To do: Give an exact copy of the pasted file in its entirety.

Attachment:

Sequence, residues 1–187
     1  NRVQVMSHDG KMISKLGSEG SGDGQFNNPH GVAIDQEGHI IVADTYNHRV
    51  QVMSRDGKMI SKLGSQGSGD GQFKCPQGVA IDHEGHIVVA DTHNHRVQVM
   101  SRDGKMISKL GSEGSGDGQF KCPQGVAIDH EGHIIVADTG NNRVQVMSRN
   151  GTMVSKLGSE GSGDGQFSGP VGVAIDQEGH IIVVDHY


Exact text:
Sequence, residues 1–187
     1  NRVQVMSHDG KMISKLGSEG SGDGQFNNPH GVAIDQEGHI IVADTYNHRV
    51  QVMSRDGKMI SKLGSQGSGD GQFKCPQGVA IDHEGHIVVA DTHNHRVQVM
   101  SRDGKMISKL GSEGSGDGQF KCPQGVAIDH EGHIIVADTG NNRVQVMSRN
   151  GTMVSKLGSE GSGDGQFSGP VGVAIDQEGH IIVVDHY